02 December 2011
Each Monday evening, people come from far and near to join a tour and see what the gem of the East End, Wilton’s Music Hall is all about. There’s been a pub here since the middle of the 18th century which is still our theatre bar today. A concert room was added in 1839 and licensed as a saloon theatre in 1843. John Wilton opened his music hall behind the 18th century houses in 1859, where the Lucelle Sisters danced the can-can and George Leybourne (Champagne Charlie) topped the bill. When the Methodists took over in 1888, religion and social service took centre stage, the pub became a coffee palace and, during the 1889 Dockers’ strike, a soup kitchen. Cinema has been a constant theme, from the magic lantern shows of the music hall and mission days to our monthly free cinema club.
Today Wilton’s is a theatre, concert hall and contemporary arts venue. For the Christmas season, we have a varied program of one-off events for every taste including evenings of lindyhop, ping-pong, Victorian music hall and 1920s dance music, chamber music from the Kreutzer Quartet, a celebration of the novelist W.G. Sebald, concerts by Duke Special, The Destroyers and cabaret by Sian Phillips and John Standing. So join a tour, see a show and have a drink in our Mahogany Bar. We’re a short walk from Tower Hill or Aldgate East tube, Tower Gateway or Shadwell DLR.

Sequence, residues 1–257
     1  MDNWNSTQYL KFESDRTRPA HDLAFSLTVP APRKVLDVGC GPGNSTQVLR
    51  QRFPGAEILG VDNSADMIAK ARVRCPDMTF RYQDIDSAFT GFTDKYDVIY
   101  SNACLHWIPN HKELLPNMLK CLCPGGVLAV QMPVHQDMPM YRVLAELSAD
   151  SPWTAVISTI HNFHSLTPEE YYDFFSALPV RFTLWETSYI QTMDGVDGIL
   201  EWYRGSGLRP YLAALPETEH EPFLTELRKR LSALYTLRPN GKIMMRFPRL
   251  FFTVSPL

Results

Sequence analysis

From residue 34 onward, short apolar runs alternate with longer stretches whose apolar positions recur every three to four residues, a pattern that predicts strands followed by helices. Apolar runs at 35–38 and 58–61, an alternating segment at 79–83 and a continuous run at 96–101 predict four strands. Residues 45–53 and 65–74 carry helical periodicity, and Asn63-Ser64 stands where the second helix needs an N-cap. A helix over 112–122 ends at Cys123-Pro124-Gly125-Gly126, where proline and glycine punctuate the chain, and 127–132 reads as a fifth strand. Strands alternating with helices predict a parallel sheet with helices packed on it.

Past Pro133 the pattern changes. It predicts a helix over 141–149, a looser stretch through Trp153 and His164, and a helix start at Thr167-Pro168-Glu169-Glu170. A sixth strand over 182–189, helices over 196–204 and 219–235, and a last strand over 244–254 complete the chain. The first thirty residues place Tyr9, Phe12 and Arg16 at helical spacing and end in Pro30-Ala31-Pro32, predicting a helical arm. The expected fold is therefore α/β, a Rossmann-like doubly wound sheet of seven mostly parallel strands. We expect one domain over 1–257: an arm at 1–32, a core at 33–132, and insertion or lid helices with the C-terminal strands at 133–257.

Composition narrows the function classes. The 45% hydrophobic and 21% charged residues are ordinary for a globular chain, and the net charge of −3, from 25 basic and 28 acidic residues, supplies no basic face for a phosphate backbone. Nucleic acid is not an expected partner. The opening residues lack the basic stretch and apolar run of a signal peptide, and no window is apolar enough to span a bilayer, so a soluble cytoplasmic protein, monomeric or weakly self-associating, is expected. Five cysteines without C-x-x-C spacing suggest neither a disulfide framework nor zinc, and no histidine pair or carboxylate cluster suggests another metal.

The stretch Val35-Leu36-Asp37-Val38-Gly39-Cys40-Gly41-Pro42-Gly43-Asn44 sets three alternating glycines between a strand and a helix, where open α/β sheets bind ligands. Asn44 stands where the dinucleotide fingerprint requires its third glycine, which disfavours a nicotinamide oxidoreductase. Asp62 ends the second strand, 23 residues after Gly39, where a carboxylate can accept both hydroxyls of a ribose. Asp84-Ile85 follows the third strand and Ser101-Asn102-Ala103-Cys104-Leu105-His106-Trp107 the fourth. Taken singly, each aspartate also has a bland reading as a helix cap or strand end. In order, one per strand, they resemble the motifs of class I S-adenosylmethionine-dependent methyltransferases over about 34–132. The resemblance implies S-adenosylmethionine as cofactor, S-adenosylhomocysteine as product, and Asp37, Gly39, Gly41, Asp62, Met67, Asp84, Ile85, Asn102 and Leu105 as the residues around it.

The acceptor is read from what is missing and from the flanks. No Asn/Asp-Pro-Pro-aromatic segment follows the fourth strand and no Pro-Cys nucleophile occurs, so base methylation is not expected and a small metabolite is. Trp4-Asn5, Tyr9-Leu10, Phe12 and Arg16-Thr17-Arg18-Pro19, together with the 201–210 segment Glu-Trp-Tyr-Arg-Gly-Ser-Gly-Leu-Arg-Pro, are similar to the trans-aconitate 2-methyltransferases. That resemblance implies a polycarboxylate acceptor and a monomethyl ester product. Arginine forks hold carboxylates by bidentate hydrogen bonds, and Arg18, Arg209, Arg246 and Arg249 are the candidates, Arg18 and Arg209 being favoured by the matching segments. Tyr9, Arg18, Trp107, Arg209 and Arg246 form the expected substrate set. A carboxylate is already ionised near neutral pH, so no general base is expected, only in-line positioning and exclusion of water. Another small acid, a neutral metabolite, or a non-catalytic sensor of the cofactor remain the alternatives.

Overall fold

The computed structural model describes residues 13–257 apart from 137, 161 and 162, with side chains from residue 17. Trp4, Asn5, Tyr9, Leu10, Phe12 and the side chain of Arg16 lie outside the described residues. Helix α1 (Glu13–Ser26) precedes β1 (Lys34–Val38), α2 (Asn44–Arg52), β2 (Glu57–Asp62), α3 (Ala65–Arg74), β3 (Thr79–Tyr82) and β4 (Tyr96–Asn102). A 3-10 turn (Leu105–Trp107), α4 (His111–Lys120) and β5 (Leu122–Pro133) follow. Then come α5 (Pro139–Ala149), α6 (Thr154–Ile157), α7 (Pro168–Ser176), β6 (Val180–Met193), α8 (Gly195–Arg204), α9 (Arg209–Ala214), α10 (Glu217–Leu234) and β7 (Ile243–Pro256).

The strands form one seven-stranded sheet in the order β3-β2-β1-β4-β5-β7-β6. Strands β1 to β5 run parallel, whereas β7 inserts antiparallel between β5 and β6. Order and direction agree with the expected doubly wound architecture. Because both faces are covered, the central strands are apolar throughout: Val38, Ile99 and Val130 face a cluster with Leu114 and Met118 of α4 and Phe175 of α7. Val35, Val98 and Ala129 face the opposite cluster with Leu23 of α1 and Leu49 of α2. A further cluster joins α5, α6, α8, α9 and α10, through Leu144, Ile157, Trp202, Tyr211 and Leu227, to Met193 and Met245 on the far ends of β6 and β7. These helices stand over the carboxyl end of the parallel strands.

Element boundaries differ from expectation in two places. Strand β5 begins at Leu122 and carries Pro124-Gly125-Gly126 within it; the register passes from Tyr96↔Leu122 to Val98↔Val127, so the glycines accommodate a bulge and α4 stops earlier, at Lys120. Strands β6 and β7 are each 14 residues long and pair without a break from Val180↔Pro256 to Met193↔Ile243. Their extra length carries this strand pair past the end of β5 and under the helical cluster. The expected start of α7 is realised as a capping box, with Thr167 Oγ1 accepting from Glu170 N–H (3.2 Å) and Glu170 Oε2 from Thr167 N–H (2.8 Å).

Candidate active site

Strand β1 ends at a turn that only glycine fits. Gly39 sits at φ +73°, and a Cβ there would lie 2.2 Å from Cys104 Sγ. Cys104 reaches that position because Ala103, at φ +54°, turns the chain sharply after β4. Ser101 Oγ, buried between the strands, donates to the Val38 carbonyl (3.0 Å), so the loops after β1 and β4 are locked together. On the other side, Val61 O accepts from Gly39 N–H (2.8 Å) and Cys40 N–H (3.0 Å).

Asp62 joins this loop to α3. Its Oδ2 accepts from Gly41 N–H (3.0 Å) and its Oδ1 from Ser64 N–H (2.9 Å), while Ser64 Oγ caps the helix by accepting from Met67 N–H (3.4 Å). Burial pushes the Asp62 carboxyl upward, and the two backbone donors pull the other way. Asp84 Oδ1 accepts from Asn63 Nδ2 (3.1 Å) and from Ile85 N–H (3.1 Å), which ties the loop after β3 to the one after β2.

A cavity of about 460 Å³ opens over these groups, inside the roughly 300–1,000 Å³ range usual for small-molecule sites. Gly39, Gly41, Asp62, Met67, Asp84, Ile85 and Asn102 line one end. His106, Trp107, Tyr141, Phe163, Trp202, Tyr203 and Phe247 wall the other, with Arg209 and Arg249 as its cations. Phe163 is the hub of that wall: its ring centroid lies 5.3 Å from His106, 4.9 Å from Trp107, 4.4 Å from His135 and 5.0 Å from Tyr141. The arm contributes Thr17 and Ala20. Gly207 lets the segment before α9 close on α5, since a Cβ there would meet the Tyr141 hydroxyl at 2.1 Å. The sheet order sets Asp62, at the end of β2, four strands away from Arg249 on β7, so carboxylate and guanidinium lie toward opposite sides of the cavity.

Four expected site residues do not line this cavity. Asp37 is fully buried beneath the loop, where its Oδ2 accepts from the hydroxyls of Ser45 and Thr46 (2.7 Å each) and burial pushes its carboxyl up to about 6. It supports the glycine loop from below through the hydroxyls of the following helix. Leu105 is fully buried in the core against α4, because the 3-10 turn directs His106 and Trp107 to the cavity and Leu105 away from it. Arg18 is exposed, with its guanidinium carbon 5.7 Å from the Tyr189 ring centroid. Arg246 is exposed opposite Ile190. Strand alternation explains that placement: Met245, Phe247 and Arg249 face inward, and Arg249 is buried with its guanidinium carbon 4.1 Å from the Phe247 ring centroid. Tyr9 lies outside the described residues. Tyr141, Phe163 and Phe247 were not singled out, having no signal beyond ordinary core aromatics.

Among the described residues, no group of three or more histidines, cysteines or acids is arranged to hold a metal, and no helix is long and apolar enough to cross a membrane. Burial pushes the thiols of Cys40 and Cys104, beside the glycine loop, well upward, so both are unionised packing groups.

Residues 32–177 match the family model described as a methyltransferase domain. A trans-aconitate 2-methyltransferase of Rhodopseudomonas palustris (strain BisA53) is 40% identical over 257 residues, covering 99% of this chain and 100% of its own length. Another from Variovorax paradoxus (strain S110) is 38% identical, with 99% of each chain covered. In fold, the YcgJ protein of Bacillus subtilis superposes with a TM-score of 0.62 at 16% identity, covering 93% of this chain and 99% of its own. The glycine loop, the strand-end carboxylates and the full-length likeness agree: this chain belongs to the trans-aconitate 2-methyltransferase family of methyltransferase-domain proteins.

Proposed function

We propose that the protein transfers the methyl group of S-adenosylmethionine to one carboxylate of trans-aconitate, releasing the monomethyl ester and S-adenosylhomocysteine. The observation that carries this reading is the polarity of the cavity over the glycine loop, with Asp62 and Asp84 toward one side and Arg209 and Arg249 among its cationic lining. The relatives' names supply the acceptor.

2012 will be an inspirational year for London and for Wilton’s – watch our website to see what’s happening here and be part of Wilton’s living heritage.
Posted by Carole Zeidman, Historian and Tour Guide, Wilton’s Music Hall
Enter your email address below to join our mailing list: